Let’s try some word association: What comes to mind when you hear “fossil fuels” and “environmental damage” — is it “climate change”? What about “oil pipeline” and “water impacts” — perhaps “oil spill”? Interestingly, those topics were not considered by the Minnesota Pollution Control Agency (MPCA) when issuing a draft water permit to construct the new and expanded Enbridge tar sands oil Line 3 pipeline across northern Minnesota and the Mississippi headwaters.
We are four of the scientists who submitted scientific comments to the MPCA about the project’s required 401 water crossing permit, which led to this summer’s contested case hearing. In October, the administrative law judge ruled in favor of the MPCA’s draft permit.
As scientists who have worked in water resources management, geology, ecosystem assessment, energy systems, and public health, we were shocked at how independent science has been largely ignored in the permit review process. We want to share what we learned with other Minnesotans, and to assert that a comprehensive scientific assessment of the Line 3 project has not yet been accomplished.
We observed that:
- Independent scientists like us only had limited opportunity for input at the tail end of a long process, which included a “draft permit approval” before the public even got to view the record. By the time we were allowed to communicate our technical concerns to MPCA, it had already committed to disregarding much of the science about climate, water and land. In contrast, the record shows that Enbridge’s engineers and staff had many months of insider access to MPCA staff, with meetings and long-running email threads. That let Enbridge permeate the process and influence the terms of discussion from the very beginning, a phenomenon others have labeled “regulatory capture.”
- While MPCA staff should function as independent scientists on behalf of the public good, they cannot. Agency leaders have chosen to narrowly define the role of a regulatory agency in terms of what it can do and consider. For example, MPCA leadership decided — incorrectly, by our assessment — that they could not take into account three scientific problems that directly bear on this project: 1) the cumulative impacts that this project’s 212 stream crossings and thousands of acres of wetland crossings will have on water quality, what we described as “death by a thousand cuts”; 2) the downstream effects of oil spills, and 3) climate change. By pre-determining what science their staff could and could not pay attention to, they entered into this permitting process with one hand tied behind their back, scientifically speaking.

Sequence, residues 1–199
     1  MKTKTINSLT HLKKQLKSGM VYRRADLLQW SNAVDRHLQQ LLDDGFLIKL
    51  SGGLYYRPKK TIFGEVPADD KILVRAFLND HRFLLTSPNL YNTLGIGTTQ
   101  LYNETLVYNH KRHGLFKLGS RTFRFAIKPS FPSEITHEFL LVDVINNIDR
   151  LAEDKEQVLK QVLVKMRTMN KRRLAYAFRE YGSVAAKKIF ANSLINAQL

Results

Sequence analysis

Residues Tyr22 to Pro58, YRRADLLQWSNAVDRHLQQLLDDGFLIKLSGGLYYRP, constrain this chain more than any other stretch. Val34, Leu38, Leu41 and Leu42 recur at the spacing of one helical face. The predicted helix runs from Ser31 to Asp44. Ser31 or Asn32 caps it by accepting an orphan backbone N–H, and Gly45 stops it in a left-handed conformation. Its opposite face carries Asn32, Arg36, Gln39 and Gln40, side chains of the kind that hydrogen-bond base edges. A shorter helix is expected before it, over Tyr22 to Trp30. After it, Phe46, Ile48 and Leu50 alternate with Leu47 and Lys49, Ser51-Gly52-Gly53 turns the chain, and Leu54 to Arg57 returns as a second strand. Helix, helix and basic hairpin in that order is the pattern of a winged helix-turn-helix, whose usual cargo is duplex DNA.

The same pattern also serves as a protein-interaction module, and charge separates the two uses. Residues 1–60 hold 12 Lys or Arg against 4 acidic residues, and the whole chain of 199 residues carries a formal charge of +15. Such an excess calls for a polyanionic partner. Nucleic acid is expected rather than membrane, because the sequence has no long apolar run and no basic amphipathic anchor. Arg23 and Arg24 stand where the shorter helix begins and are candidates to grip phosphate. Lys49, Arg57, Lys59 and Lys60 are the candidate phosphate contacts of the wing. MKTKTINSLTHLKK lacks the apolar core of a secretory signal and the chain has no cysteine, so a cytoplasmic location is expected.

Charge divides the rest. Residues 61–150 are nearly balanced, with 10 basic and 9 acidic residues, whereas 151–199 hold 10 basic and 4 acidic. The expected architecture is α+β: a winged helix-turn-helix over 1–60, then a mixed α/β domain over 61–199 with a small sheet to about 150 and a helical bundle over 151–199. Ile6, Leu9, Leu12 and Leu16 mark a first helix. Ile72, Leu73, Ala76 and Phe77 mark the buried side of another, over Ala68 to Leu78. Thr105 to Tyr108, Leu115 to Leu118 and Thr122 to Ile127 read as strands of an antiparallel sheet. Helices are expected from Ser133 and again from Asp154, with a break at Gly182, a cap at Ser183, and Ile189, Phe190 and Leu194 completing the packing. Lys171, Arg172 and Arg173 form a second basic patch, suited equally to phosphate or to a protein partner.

- Good scientific decisions take into account the collective knowledge produced by many researchers. For example, we cited 120 studies and reports in our public comment to the MPCA. By contrast, Enbridge employees and MPCA staff leaned almost exclusively on statements like “in my experience” during their testimony. The judge accepted — indeed, actively affirmed — that as being most valuable, thus dealing a deathblow to science’s power to protect the public.
Finally, we observed that a court of law is a remarkably poor place to conduct good science. Surely this should be the last resort. But it was the only venue for participation that we independent scientists were given. Further, this contested case hearing put the burden of proof on volunteer scientists, environmental groups and tribes to prove that this project will cause harm, rather than on Enbridge and the MPCA to show that it will not.
We are science and health professionals who, like many colleagues, live with a powerful daily awareness of the immediate need to act to protect our only home — the natural world. We are in the midst of an ongoing climate crisis. We are witness to mass extinction of species and grim prospects for fresh water ecosystems. We see how these changes are already severely impacting Minnesotans.
Does the judge’s ruling in favor of the project change the reality of climate impact from burning tar sands? Can the MPCA’s narrow view prevent the cumulative degradation of water quality? Will it eliminate the risk of an oil spill in the Mississippi River’s headwaters?
We are waiting for the state to answer these questions in a way that protects people and the planet.
Laura Triplett, Ph.D., is an associate professor of geology at Gustavus Adolphus College. Christine Dolph, Ph.D., is a research scientist in the fields of stream and wetland ecology. Laalitha Surapaneni, M.D., is an internal medicine physician at the University of Minnesota. James Doyle, Ph.D., is a professor of physics at Macalester College. Affiliations are provided for identification purposes only; all authors participated in this work independently of their institutions.
WANT TO ADD YOUR VOICE?
If you’re interested in joining the discussion, add your voice to the Comment section below — or consider writing a letter or a longer-form Community Voices commentary. (For more information about Community Voices, see our Submission Guidelines.)